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-   -   How to find IP address of a machine if I know their MAC Address (

dysenteryduke 08-14-2005 05:41 PM

How to find IP address of a machine if I know their MAC Address

I recently picked up an NCD 88K terminal server, and was wondering how I can figure out the IP address o fhe macine. The MAC address is printed on teh bottom of the machine. Is there any way I can scan my local network to try and find the IP address that corresponds to the MAC address? It would be really nice to just hook up a monitor to the machine, but the female connector is a 26 pin ( 2 rows of 9, 1 row of 8) connector, which I've never seen before. Also when I do an arp -a the mac Address does not show up in my arp table.



Franklin 08-14-2005 06:23 PM

from a console as root type:

# arp -na
This should give you the mac address and the ip assigned for all machines on the network.

Not sure if this is what you are looking for.


Actually, on second thought, I'm not certain that's true.
Perhaps it may be useful anyway. I'll check on that and if someone doen't correct me before that I'll correct myself. ;)

Franklin 08-14-2005 06:41 PM

Yes, I right. It does give the mac address.

yvesg 08-14-2005 08:30 PM

rarp is used to look up ip from mac

carl.waldbieser 08-15-2005 12:08 AM

Of course, if you are like me and your kernel does not support rarp (because it was discontinued in kernel version 2.3), the poor man's lookup is to write a script that:
1) pings every address in the subnet.
2) does an arp -a
3) Finds the line with the correct MAC address and gets the IP address from that line.

Step 1 is really cheating, I guess, and it is probably not a good idea to flooding a large network with pings. However, for a smallish subnet (say with 253 addresses, x.y.z.1 - x.y.z.254), the liberal use of fping may be acceptable. This forces your computer to look up the MAC of each address it pings, and hopefully, it will store them for a few seconds while steps 2 & 3 extract the IP address.

primo 08-15-2005 02:08 AM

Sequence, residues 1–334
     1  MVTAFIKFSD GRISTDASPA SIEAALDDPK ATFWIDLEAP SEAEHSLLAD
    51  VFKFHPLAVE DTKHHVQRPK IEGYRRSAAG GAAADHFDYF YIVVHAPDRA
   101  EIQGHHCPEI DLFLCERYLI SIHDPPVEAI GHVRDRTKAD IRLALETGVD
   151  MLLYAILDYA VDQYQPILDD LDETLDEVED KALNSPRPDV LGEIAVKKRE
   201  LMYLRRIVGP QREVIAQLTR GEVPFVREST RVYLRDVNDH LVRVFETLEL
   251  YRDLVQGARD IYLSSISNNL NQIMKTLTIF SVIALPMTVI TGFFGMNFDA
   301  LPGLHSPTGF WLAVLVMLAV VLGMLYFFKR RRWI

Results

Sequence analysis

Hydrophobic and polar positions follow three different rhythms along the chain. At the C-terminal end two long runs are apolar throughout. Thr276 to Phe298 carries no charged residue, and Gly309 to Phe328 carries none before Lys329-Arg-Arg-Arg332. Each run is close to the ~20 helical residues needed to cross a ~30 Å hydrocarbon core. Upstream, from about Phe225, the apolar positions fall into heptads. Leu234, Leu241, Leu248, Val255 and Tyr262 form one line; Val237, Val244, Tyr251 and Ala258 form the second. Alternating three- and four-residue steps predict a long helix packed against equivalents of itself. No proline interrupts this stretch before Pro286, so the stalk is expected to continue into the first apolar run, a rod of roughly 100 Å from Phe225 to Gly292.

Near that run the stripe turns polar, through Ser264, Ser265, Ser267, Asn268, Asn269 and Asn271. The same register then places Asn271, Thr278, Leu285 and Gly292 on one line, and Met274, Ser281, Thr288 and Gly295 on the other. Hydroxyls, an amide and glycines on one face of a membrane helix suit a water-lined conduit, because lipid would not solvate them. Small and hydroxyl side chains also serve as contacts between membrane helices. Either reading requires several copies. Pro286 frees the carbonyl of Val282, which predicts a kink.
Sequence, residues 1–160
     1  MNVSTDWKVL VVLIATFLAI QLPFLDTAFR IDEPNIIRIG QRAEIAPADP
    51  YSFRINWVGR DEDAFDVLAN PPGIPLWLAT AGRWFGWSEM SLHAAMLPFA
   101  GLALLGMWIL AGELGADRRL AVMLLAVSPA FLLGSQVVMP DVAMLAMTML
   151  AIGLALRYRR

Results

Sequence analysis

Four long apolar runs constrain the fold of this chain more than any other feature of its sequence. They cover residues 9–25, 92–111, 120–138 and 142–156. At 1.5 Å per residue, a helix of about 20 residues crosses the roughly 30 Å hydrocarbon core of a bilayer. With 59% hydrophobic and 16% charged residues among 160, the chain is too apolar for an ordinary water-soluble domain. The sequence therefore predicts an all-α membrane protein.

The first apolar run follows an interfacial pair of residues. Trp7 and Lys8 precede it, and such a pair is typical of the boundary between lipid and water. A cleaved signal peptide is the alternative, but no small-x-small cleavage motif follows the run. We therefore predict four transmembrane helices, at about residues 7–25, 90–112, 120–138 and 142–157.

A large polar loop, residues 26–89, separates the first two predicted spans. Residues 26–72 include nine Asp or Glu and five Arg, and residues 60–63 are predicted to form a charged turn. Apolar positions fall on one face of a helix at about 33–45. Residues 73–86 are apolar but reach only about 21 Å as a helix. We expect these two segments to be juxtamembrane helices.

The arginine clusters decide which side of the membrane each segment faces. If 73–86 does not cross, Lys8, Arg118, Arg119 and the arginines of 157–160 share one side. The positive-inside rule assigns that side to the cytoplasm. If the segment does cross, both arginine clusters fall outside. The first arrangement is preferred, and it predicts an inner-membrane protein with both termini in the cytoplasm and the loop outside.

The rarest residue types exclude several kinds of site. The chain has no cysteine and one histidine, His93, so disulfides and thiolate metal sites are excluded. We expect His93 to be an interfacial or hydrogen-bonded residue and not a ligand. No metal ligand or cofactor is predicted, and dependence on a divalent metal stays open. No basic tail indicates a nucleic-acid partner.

It's easier to ping the subnet's broadcast address with "ping -b" then ^C and then look at "arp -a"

Matir 08-15-2005 02:32 AM

Rather than ^C it, just do 'ping -b -c1', but replace the IP with that of your network :)

Andreas Huppert 08-15-2005 09:33 AM

set up a tcpdump with "ether host aa:bb:cc:dd:ee:ff" option

FliesLikeABrick 08-15-2005 09:48 AM

i believe that arp -na will only give you the IP and mac of computers that are connected to "this" computer. I ran it on one of my boxes and it only showed 3: the router, and two computers which are connected with mounted shares. There are about 8 other computers on my network which didn't show up (and are all not connected)

okmyx 08-15-2005 10:45 AM

Hook the unit up to a PC with a cross over ethernet cable. Then run Ethereal and see if you can collect any packets. Ethereal should display the IP address along with any other info.

dysenteryduke 08-15-2005 10:52 AM

collecting packets with ethereal
thanks for all the replies. I think connecting to iit with a crossover cable and collecting packets with ethereal is my only option because I think the device has a static IP and I have no idea what it might be. So if I set up my linux machine with an ip of and connect to the terminal device with a crossover, will I still be able to pick up packets if the other device is on another subnet?(im at work, or i would just try it)



imitheos 08-15-2005 11:01 AM

Maybe i am wrong, but how about "arping" ?

In my box it works ok:

root@box:~# arping -i eth1 00:E0:29:XX:YY:ZZ
60 bytes from 192.168.0.AAA (00:e0:29:XX:YY:ZZ): icmp_seq=0 time=47.922 usec
60 bytes from 192.168.0.AAA (00:e0:29:XX:YY:ZZ): icmp_seq=1 time=44.823 usec
60 bytes from 192.168.0.AAA (00:e0:29:XX:YY:ZZ): icmp_seq=2 time=84.877 usec

gustavst 09-12-2005 09:07 AM

What version of arping are you running? The version that comes with the current iputils package can only ping IP addresses.

gustavst 09-12-2005 11:21 AM

Problem found: There are two versions of arping. One by Alexey Kuznetsov that pings IP addresses and one by Thomas Habets that pings MAC addresses.
Why on earth give them the same name?

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